• cardiac;
  • heart;
  • development;
  • morphogenesis;
  • looping;
  • matrix metalloproteinase;
  • MMP-2;
  • Ilomastat;
  • GM6001;
  • dorsal mesocardium;
  • anterior heart field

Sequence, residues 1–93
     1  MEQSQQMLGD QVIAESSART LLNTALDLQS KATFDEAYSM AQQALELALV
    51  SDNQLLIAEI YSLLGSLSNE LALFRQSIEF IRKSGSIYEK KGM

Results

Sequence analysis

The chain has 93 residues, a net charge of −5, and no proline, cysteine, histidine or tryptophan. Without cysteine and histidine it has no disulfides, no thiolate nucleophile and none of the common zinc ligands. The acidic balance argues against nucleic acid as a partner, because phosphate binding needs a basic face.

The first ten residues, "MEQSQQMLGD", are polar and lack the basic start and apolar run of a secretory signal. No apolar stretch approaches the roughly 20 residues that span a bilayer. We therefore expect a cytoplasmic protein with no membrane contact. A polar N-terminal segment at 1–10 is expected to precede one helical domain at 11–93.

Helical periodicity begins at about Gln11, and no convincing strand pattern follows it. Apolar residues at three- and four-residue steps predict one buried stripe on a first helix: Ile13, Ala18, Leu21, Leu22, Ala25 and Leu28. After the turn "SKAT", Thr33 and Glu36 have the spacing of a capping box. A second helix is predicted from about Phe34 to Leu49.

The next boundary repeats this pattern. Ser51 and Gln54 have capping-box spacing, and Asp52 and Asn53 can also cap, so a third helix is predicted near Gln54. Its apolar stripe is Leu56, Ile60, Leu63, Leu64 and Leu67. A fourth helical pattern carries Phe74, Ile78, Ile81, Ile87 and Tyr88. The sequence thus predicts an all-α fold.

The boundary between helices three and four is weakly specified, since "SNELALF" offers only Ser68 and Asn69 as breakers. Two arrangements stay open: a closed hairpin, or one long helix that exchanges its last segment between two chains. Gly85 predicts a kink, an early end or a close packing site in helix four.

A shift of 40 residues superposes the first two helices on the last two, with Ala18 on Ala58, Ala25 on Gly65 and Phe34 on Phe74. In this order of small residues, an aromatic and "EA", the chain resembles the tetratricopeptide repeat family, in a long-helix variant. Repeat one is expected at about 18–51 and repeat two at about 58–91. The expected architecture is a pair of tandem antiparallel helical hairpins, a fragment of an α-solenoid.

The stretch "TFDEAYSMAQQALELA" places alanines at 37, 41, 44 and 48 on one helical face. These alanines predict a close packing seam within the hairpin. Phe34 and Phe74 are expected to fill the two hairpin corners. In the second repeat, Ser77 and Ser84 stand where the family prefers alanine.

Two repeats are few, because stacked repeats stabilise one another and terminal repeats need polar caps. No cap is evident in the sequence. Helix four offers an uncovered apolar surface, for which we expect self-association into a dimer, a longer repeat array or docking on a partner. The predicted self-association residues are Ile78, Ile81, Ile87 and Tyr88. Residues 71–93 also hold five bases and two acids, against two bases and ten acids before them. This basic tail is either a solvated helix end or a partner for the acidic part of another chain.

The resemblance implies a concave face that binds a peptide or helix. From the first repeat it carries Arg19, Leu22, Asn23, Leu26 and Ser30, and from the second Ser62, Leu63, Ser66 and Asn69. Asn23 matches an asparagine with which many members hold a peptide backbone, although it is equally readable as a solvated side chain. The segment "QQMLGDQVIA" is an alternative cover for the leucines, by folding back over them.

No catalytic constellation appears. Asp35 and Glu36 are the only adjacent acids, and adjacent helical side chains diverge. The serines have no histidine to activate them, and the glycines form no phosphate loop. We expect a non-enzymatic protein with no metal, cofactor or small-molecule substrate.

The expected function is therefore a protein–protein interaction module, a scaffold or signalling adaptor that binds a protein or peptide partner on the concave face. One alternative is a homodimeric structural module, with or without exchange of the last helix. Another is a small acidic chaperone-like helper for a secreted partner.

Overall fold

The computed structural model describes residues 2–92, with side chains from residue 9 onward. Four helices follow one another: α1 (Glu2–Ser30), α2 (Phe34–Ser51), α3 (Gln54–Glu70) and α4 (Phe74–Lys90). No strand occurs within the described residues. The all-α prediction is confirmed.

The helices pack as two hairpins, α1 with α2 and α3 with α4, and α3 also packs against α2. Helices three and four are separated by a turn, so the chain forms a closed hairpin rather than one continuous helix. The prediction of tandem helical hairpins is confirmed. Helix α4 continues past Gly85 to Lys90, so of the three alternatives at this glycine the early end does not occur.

During heart organogenesis, the spatiotemporal organization of the extracellular matrix (ECM) undergoes significant remodeling. Because matrix metalloproteinases (MMPs) are known to be key regulators of cell–matrix interactions, we analyzed the role(s) of MMPs, and specifically MMP-2, in early heart development. Both MMP-2 neutralizing antibody and the broad-spectrum MMP inhibitor Ilomastat in a temporal manner, when applied between chick embryonic stages 5 (primitive streak stage) to stage 12 (∼16-somites), produced severe heart tube defects. Exposure to the MMP inhibitor at stage 5 produced various degrees of cardia bifida. At the seven-somite stage, MMP-2/Ilomastat inhibition caused a shift in normal left-right patterning of cell proliferation within the dorsal mesocardium and mesoderm of the anterior heart field that correlated with a change in looping direction. MMP inhibition at the 10- to 12-somite stage resulted in an arrest of heart tube bending by inhibiting the breakdown of the dorsal mesocardial ECM. The experimental observations suggest that MMP activity regulates the coordination of early heart organogenesis by affecting ventral closure of the heart and gut tubes, asymmetric cell proliferation in the dorsal mesocardium to drive looping direction, and ECM degradation within the dorsal mesocardium allowing looping to proceed toward completion. Developmental Dynamics 233:739–753, 2005. © 2005 Wiley-Liss, Inc.